Vector and the Entrust Dividend

Industry Updates

Vector is majority owned by Entrust, a private trust, on behalf of 340,500 households and businesses in Auckland, Manukau, northern Papakura and eastern Franklin. The Entrust dividend is a direct result of its 75.1% shareholding in Vector.


Vector’s dividend is the same this year, but our dividend policy has changed, which has affected how the tax on the dividend is paid.


Vector used to pay most of the tax before it goes to shareholders, but this year the amount Vector pays is less - meaning Entrust pays more tax than it did last year.  It’s common practice for companies that pay dividends to make these sorts of changes. We have done this with the long-term interests of all our shareholders in mind.
 

Frequently Asked Questions

Why is my Entrust dividend less this year?

The dividend amount that Vector pays to shareholders hasn’t changed this year from last year.  Vector is paying 16.5 cents per share (for the full year), and last year we paid the same.

What has changed is the way that tax is paid – Vector used to pay most of the tax, but this year we changed our dividend policy, so the tax amount Vector pays is less and Entrust pays more than it did last year. This additional tax paid by Entrust has reduced the amount available to pay to Entrust beneficiaries, resulting in this year’s payment being lower than previous years.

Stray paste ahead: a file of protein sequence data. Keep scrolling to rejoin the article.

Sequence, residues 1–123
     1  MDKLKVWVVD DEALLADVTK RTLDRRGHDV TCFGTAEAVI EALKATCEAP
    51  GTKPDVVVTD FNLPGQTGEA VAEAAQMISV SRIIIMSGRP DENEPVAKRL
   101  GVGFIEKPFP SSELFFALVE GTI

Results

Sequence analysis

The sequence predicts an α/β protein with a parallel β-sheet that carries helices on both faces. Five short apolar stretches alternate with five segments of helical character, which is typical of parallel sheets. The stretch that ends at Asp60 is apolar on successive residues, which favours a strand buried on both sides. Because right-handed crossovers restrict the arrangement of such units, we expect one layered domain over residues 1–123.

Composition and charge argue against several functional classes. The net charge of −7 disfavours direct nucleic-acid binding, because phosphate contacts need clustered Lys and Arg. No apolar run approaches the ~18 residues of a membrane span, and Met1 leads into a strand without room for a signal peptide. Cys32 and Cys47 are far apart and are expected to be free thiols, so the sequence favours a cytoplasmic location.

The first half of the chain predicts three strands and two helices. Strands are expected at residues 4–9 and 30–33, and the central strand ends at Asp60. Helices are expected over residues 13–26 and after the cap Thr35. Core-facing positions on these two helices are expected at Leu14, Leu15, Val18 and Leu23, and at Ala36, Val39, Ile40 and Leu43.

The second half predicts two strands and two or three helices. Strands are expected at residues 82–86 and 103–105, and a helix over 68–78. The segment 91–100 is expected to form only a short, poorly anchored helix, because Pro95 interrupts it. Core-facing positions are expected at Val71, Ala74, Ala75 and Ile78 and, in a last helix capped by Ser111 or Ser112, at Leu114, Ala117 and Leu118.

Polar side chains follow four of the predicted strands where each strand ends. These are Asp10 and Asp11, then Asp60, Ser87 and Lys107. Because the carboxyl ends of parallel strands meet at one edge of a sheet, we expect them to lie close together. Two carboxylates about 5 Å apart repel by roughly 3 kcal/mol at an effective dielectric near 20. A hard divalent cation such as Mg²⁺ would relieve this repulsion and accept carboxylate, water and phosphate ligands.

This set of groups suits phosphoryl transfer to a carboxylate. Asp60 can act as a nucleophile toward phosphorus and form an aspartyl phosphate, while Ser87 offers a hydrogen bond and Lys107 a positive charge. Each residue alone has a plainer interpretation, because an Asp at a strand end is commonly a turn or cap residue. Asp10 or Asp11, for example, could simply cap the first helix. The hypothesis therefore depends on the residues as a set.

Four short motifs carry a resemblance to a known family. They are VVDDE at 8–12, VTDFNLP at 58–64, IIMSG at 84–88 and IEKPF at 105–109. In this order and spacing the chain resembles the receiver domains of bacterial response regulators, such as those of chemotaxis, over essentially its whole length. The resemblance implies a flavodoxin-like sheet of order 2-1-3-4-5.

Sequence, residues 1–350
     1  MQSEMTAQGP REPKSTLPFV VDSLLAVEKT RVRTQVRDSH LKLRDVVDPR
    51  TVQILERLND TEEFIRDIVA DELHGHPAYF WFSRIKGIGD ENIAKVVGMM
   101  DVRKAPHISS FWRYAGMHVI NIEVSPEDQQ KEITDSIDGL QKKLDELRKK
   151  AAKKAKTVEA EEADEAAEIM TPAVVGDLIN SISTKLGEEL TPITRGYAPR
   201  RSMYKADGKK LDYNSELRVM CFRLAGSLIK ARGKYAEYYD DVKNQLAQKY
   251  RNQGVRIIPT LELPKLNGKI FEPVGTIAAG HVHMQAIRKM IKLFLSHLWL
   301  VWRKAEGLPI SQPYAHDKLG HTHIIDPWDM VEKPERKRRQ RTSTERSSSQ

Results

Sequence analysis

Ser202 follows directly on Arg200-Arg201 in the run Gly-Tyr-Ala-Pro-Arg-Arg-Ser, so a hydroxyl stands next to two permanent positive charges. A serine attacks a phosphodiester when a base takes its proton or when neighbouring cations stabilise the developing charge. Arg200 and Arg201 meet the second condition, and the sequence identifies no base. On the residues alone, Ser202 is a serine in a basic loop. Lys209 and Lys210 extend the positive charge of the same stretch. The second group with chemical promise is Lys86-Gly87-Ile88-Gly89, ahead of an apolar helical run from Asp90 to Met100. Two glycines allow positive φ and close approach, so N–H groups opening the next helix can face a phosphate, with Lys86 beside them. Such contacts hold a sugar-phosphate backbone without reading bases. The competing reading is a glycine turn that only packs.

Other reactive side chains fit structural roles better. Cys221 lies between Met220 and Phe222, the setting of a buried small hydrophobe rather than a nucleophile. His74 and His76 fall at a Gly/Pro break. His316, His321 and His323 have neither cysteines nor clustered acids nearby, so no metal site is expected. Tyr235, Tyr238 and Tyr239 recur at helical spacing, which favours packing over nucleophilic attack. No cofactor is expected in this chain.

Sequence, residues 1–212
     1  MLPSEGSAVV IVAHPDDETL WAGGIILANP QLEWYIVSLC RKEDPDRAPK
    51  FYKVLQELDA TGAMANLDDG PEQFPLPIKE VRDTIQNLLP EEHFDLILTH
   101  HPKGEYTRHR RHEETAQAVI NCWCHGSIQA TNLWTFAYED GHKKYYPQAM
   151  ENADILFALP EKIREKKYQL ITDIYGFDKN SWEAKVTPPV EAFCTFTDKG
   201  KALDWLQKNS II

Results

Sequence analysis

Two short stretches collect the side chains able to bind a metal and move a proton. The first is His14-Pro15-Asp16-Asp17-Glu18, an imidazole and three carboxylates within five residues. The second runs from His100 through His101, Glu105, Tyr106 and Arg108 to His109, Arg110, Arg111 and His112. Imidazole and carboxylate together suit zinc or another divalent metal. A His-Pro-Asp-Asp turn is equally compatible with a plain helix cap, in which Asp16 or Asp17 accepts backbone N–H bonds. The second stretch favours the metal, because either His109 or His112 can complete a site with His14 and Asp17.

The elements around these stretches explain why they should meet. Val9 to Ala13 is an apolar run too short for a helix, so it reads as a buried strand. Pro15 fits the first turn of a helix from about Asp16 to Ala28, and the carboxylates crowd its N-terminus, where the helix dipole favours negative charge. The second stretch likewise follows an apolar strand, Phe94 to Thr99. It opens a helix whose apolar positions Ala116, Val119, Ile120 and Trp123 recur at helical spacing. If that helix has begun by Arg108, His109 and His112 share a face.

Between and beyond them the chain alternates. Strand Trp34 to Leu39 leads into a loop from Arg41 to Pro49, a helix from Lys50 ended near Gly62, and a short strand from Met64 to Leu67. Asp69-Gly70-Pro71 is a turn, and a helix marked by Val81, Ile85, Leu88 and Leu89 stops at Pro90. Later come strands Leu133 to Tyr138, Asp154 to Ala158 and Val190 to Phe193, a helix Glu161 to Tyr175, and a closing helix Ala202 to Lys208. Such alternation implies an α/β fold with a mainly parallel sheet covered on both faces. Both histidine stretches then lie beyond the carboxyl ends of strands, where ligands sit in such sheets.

There is also an increase in the number of beneficiaries receiving the payment, as Auckland continues to grow. This year there are 340,500 beneficiaries in the Entrust district, representing the largest number in the history of the dividend.


Why has Vector chosen this year to reduce the amount of tax it pays on dividends?

Vector’s board announced the change to the amount of tax it distributes with its dividends in February. For Vector, it’s a more efficient way to manage our tax obligations and is in the long-term interests of all our shareholders, including Entrust.

More broadly, Vector flagged in our annual meeting last year that we would review our overall dividend policy when we knew the outcome of the Commerce Commission’s regulatory reset. As above, we announced this change in February this year.
 

We understand that this year has been difficult for many people, and we are pleased that we are able to pay a dividend this year. Many other companies are not able to do this.

Vector made a profit – why couldn’t you put some of that into the dividend?

The dividend amount that Vector pays to shareholders hasn’t changed this year from last year.  Vector is paying 16.5 cents per share (for the full year), and last year we paid the same.

The change relates to how much of the tax Vector pays on the dividend before it goes to shareholders, such as Entrust. In order to manage our tax obligations efficiently, Vector has reduced the amount of tax it is paying on dividends. This is common practice for companies.


I expected the dividend to go up this year – with Covid-19 we’ve all been home using heaps more electricity.

Vector’s electricity volumes went down during lockdown because most businesses were shut or operating at reduced demand. In our annual results, Vector estimated that earnings were adversely impacted by $10 million due to COVID-19.
 

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